An example of the effect of global events on international trade is the earthquake and tsunami that struck Japan in 2011. This disaster had a significant impact on global trade due to the destruction of manufacturing plants that supplied products to many companies all over the world. The devastation of Japan’s infrastructure, e.g. roads and ports, also played a role. Exports from Japan decreased, but imports increased due to the re-building efforts. Many organisations with Japanese suppliers had to make alternative arrangements, which resulted in the alteration of many supply chain strategies and risk management practices.

Companies engaging in international trade should cater for these international trade risks in their supply chain strategies, because competing for a slice of the global marketplace pie is much harder than before.

Martin Christopher, emeritus professor of marketing and logistics at the Cranfield School of Management in England says: “We don’t compete as individual businesses anymore; we compete as supply chains.” The winners, he says, aren’t necessarily the companies that have the best products and services, but the ones that have the most efficient supply chains.

This sentiment is echoed by Jim Owens, the former chairman and CEO of Caterpillar in saying that: “In our industry, the competitor that’s best at managing the supply chain is probably going to be the most successful competitor over time. It’s a condition of success.”

Stanford University’s Professor Hau Lee takes supply chain partnerships and the principle of competing supply chains one step further by saying: “With today’s prevalent business model of brand owners embracing trading networks of outsourced manufacturing and distribution, one could argue that it’s now trading network versus trading network. The secret to success here is how well brand owners and their trading partners can collaborate — moving beyond the archaic one-to-one manual sharing of spreadsheets to achieve one-to-many and many-to-many visibility based on real-time information across a network that provides a single source of truth.”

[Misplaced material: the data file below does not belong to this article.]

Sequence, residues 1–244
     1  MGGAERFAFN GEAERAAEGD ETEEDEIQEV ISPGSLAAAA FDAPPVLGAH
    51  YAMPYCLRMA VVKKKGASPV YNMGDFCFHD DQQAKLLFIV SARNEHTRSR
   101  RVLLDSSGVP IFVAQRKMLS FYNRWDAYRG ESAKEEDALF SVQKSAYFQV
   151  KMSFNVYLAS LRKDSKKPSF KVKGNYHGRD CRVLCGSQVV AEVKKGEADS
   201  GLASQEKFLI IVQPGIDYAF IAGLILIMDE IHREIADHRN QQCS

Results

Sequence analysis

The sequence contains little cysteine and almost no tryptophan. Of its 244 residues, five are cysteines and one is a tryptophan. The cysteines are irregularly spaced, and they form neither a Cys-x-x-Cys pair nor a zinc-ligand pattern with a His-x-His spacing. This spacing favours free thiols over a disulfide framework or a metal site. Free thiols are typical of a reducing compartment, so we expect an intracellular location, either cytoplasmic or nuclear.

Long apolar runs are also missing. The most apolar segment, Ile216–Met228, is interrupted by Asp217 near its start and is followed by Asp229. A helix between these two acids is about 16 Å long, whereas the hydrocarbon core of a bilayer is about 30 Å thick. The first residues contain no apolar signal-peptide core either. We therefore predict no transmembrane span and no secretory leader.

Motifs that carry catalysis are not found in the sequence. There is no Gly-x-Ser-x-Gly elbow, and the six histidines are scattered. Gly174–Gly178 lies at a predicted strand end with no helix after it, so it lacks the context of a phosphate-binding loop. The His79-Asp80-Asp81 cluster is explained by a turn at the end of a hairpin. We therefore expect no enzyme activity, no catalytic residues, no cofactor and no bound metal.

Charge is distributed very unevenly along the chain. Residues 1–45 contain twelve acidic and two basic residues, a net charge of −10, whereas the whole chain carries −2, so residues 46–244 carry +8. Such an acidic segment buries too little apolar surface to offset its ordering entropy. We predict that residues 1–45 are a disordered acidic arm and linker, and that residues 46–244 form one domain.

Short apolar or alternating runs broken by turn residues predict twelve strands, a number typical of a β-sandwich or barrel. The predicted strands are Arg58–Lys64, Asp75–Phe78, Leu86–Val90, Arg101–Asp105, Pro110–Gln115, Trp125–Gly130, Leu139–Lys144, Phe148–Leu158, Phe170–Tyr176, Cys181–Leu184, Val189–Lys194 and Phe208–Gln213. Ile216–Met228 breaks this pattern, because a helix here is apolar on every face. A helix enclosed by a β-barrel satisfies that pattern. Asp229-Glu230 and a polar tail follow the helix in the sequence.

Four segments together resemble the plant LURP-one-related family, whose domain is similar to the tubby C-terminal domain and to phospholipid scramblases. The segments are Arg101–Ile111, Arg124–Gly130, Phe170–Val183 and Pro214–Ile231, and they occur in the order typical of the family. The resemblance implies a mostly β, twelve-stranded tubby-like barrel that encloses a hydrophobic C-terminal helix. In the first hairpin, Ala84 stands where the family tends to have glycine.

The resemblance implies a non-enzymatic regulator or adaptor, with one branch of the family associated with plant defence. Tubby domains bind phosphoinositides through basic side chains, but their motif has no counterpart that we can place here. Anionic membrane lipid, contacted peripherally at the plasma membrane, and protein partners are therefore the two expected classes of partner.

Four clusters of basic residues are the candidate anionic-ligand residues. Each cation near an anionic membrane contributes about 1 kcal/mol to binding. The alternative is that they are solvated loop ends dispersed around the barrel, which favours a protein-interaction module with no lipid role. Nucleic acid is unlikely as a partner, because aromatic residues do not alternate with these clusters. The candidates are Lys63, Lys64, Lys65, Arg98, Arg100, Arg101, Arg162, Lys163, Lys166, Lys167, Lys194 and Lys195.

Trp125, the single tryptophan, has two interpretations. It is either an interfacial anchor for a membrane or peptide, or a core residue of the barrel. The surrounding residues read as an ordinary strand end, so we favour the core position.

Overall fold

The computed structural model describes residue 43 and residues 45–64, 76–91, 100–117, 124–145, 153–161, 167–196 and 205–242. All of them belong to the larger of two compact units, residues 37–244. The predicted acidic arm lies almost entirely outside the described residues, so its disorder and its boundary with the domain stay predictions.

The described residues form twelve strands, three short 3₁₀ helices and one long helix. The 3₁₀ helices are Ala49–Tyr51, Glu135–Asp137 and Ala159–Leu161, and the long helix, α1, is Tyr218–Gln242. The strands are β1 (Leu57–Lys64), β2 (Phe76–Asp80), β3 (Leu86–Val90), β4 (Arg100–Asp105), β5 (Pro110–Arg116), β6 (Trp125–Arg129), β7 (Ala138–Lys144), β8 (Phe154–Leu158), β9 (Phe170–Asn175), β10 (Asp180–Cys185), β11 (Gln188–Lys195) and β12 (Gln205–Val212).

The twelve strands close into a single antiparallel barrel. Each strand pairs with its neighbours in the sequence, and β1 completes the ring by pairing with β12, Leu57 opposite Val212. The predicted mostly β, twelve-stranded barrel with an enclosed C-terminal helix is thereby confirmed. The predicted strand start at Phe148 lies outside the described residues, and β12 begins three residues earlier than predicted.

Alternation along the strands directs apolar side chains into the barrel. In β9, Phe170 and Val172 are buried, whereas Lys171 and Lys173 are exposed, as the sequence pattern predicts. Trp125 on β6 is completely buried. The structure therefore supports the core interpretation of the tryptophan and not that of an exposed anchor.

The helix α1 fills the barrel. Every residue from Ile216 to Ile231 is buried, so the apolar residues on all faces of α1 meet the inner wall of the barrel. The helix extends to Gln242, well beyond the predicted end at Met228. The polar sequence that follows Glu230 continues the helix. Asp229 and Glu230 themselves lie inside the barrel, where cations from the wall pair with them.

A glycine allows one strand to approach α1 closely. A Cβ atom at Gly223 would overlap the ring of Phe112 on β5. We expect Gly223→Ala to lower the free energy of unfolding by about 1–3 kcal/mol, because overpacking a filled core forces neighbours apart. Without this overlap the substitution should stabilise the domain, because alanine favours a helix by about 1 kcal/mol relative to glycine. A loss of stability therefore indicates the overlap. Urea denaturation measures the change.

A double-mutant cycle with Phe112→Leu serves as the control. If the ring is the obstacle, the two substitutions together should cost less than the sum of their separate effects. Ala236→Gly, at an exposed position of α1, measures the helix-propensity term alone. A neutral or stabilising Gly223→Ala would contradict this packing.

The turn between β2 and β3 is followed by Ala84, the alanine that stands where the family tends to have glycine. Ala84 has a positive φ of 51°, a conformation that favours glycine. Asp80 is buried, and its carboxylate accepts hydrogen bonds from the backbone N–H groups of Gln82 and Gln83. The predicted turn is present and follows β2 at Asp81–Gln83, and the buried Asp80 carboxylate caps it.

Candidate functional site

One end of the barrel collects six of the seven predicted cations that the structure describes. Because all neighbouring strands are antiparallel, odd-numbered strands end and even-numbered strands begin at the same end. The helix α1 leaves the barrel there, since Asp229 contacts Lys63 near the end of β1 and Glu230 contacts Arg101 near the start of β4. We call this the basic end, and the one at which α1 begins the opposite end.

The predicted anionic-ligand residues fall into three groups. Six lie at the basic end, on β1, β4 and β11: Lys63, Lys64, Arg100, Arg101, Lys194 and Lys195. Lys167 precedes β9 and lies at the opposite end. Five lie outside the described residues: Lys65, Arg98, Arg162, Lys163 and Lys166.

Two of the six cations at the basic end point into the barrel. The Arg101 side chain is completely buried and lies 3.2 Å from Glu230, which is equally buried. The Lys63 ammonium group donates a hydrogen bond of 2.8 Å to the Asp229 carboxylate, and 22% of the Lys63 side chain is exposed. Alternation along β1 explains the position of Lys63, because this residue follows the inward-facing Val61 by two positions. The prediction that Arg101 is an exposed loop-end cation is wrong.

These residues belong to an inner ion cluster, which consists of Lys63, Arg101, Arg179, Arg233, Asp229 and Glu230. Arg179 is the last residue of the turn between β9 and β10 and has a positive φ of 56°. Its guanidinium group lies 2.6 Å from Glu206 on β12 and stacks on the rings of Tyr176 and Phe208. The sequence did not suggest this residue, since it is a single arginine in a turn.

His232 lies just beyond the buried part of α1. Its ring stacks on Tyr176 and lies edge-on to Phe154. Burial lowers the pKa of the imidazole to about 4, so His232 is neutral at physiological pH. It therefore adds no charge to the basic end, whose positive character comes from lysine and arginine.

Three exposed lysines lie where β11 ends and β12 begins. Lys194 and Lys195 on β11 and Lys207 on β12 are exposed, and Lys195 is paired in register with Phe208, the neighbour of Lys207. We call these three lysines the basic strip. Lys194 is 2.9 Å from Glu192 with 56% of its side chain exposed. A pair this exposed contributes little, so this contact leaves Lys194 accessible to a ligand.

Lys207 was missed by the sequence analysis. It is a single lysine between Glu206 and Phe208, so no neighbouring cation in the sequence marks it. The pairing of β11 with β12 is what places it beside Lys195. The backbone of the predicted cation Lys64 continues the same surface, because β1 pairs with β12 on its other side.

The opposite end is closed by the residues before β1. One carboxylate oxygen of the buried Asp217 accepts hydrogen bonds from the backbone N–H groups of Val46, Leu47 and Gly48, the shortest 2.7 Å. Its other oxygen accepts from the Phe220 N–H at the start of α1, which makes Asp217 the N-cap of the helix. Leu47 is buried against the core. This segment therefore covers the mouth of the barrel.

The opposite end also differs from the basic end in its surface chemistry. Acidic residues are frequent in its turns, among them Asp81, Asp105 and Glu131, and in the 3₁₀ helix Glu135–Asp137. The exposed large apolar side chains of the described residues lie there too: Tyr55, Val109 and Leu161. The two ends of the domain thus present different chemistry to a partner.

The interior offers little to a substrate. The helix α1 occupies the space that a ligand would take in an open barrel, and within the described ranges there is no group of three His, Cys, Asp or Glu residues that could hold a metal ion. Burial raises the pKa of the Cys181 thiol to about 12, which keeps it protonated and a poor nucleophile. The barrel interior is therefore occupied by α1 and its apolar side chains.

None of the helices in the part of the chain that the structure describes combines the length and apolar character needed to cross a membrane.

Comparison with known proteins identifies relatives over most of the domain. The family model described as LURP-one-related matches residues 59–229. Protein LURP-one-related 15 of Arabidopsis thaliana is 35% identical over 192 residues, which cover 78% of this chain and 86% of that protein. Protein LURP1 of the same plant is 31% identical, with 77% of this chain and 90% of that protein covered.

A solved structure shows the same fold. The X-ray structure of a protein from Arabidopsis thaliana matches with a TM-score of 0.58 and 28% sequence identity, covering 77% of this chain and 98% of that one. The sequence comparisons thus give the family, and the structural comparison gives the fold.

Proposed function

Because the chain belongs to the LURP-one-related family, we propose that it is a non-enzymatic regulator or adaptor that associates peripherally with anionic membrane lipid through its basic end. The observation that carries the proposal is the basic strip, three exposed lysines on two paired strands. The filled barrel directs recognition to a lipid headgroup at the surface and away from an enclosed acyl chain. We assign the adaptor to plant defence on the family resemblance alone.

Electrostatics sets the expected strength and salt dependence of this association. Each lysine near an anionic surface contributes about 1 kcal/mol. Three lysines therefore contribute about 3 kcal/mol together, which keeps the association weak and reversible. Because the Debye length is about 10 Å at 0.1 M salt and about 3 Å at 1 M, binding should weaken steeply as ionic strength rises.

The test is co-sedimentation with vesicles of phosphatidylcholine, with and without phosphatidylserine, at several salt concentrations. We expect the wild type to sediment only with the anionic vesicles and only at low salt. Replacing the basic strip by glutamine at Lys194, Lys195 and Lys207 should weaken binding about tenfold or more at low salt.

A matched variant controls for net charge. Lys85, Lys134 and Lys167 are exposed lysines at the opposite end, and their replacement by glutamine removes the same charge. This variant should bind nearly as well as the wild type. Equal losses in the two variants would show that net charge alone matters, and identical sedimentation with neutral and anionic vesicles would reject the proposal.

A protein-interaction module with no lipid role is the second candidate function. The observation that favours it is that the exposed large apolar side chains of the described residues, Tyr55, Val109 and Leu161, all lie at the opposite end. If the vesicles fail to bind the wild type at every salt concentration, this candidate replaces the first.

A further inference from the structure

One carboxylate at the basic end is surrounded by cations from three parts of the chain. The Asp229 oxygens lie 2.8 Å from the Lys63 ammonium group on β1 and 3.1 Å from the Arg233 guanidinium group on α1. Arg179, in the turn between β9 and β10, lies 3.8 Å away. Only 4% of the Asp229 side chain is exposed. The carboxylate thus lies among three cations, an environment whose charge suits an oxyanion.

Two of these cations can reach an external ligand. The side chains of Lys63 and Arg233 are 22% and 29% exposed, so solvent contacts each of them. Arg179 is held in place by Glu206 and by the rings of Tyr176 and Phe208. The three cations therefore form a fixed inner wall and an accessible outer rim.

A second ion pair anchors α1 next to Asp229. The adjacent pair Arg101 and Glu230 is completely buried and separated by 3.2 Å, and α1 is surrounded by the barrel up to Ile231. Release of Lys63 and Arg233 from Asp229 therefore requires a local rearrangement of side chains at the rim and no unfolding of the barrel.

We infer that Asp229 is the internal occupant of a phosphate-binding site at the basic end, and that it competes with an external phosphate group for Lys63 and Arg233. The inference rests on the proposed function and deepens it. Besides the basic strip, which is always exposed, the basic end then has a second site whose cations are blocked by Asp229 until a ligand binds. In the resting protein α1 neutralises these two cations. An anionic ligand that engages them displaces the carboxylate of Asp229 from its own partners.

Partners in a global trading network must realise that their own individual strengths and weaknesses become the strengths and weaknesses of the competing global trading network that they form part of. It is therefore imperative that employees of companies who are part of these global trading networks understand their specific roles and responsibilities in the mechanics of international trade. They should also understand the risks and benefits of trading on an international scale so that their companies are not exposed to international trade risks without receiving the required benefits.